Ellena though, is keen to emphasise what he considers the essential similarities between the acts of literary and fragrant composition. Previously, he described himself as a 'writer of smells' (‘écrivain d’odeurs’, Journal, p.12) and here he sets out explicitly through the voice of one of his characters the notion that perfume, like verbal language, is governed by its own rules of syntax and grammar, is capable of synonymic expression and even polyvalence (p.80). As if to underscore his thesis that ever the twain shall meet (or perhaps simply following Mark Twain's apocryphal advice to ‘write what you know’) Ellena decided to set his début narrative in the world of fine fragrance.

The story itself revolves around Claude Nael who for some twenty years has been the resident perfumer at Robert Gallot - a French fashion house that found fame with its post-war classic fragrance L’Air de Paris. Claude in many respects embodies the Old School and rubs uncomfortably against iPhone culture. Yet, in contrast to his decidedly outmoded dress sense, his fragrant creations exist beyond the vicissitudes of fashion, expressing a simple, uncluttered aesthetic.

Claude's shock comes one fine afternoon when the president of Robert Gallot perfumes, the ruthless Monsieur Mazuret, cooly announces his services in respect to the house's soon-to-be-launched feminine fragrance are no longer required. Instead, the project's reigns are to be passed to a young, ambitious perfumer Nicholas Daglance, whom, it is assumed, is more au courant with the market's taste.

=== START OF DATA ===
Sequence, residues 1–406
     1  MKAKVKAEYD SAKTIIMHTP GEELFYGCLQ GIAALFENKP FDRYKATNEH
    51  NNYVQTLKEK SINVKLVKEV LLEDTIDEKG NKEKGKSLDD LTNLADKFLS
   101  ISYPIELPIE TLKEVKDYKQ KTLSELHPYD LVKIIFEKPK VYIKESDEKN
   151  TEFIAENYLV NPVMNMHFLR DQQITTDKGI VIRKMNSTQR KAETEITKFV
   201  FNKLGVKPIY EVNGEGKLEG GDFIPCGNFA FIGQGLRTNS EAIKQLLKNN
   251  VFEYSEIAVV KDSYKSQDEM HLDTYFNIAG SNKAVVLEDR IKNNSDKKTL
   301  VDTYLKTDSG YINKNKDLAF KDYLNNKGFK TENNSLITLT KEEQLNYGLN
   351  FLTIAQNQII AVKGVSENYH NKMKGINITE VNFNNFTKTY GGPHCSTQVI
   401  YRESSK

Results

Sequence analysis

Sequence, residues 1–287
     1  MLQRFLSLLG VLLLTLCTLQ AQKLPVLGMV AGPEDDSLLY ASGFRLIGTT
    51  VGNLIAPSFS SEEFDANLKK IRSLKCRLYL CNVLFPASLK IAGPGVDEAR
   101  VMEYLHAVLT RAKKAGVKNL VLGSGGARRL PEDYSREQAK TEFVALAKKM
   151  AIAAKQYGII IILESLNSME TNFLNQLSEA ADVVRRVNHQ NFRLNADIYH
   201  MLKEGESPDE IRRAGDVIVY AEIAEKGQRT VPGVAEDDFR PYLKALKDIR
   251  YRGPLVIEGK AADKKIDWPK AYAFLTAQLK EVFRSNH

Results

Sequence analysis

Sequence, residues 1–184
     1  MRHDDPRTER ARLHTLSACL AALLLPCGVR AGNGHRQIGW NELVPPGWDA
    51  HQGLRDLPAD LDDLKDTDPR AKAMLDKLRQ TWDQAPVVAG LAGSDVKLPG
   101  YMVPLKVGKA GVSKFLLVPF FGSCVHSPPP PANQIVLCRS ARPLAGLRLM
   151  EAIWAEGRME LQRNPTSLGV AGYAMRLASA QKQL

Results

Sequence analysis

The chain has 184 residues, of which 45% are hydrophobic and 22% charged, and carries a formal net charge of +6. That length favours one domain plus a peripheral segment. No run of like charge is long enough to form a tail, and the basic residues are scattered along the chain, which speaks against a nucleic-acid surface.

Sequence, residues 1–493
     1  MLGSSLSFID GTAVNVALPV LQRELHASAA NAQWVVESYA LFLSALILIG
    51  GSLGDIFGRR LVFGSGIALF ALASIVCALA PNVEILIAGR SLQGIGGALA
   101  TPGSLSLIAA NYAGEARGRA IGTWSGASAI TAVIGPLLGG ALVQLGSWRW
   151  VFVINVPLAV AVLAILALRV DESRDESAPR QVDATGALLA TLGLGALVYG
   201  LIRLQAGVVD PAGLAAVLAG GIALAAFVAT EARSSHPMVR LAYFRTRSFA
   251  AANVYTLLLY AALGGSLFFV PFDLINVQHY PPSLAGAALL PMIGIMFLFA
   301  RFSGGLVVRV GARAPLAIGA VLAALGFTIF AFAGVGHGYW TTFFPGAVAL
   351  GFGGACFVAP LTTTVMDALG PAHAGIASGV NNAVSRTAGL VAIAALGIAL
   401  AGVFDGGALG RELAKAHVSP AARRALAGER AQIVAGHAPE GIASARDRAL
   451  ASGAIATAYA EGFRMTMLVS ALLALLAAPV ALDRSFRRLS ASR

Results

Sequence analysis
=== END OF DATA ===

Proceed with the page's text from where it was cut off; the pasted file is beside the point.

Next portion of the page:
In the twenty, brief chapters that follow, the focus shifts more or less alternately between the outgoing and newly-appointed nez: as Nicholas attempts with ever increasing desperation to deconstruct the ultimate essai produced by his predecessor, in particular its mysterious 'green note' (the titular note verte), Claude is left to focus on more artisanal projects and reflect on the current State of the Perfumed Nation. As a reader, we are thus afforded a behind-the-scenes glimpse into an industry where fragrances are released to the whirring of competitors' GC-MS machines and facsimiles are freely produced in the absence of copyright protection.